Unusual Facts About Women In Ancient Rome

There’s no doubting that the Roman Empire was a tough place to be a woman. Roman law meant that women had few rights and little opportunity for public roles. But despite that, many women subverted the conventions of the time and found ways to play an active part in the affairs of the empire. Read on to find out how Roman women lived and even thrived in the face of rampant sexism.

1. Vestal virgins

The Vestal Virgins were six women who lived in the Temple of Vesta in Rome. Appointed as children and serving for 30 years, these women had an important role to play in protecting Rome with their holy rituals. These duties included tending a sacred eternal flame.

For them to be effective, it was deemed essential that the Vestals retained their virginity. And if they didn’t, punishment was brutal: the offending Vestal would be imprisoned in a sealed room and left to die a lingering death.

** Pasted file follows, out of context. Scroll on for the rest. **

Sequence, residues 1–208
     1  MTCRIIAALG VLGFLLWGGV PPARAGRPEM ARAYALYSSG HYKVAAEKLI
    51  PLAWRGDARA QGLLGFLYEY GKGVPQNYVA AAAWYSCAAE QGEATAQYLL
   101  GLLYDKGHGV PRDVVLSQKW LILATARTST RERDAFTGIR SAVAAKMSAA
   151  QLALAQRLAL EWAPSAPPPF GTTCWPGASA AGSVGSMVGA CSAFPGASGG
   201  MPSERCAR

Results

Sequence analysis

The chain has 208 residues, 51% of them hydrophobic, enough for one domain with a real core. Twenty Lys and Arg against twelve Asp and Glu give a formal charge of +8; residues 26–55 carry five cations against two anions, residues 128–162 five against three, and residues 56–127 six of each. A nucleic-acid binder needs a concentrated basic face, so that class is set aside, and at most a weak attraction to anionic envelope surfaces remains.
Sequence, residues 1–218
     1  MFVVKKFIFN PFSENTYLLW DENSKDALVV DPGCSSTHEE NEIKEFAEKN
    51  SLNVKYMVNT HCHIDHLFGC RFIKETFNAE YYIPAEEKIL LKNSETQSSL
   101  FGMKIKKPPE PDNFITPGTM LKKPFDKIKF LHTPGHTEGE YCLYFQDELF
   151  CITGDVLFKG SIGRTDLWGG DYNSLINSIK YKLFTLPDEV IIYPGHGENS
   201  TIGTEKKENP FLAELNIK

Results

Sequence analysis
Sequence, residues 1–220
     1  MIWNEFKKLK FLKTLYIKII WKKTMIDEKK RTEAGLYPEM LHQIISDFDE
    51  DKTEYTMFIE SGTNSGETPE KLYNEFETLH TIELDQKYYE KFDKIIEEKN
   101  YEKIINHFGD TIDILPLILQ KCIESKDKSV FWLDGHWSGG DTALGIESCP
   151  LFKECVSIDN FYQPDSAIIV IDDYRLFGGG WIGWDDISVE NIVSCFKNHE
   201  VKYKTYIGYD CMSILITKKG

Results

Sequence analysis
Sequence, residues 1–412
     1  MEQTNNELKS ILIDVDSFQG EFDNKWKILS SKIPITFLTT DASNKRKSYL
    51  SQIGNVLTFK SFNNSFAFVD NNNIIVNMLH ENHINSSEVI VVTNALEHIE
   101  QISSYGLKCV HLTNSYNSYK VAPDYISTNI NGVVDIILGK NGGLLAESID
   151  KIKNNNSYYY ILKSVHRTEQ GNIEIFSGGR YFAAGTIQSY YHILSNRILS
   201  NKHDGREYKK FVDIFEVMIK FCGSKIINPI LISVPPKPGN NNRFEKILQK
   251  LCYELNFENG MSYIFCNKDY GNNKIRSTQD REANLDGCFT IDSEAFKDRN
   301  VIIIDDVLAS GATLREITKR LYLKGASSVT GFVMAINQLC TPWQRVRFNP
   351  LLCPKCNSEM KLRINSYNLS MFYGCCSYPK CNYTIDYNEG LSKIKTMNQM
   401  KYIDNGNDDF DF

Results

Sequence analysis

2. Donkey milk

For women of the Roman elite, skincare was a pressing concern. The ideal was to have a complexion that was pale and smooth. And one way to make sure that your skin was at its best was to bathe in donkey’s milk.

Women at the top of the social scale had specialist slaves, cosmetae, to tend to them while they took their milk dips. The Emperor Nero’s wife Poppaea Sabina went one step further, concocting a preparation of donkey milk and dough to use as a facial.

3. Hypatia of Alexandria

Julius Caesar conquered the Egyptian city of Alexandria for Rome in 48 B.C. It was an important center for scholarship of all kinds. Unusually, one of the leading philosophers and mathematicians of the fifth century was a woman, Hypatia.

By Hypatia’s time, Christianity had reached Alexandria, with many following the faith. But Hypatia retained the beliefs of an earlier pagan time, and this attracted unwelcome attention. A gang of Christian fanatics seized her, killed her in a vicious beating and burnt her remains.

4. Work

There’s no doubt that most Roman women fell into two categories: they were either housewives and mothers, or slaves. But there were other, albeit limited, alternatives of which some women took advantage. They could work as midwives, wet nurses, or in the fields.

Then there were those Roman women who actually ran their own businesses. Some made craft items in their home which they could sell. On the darker side, there were women who turned to prostitution as their only way to earn money.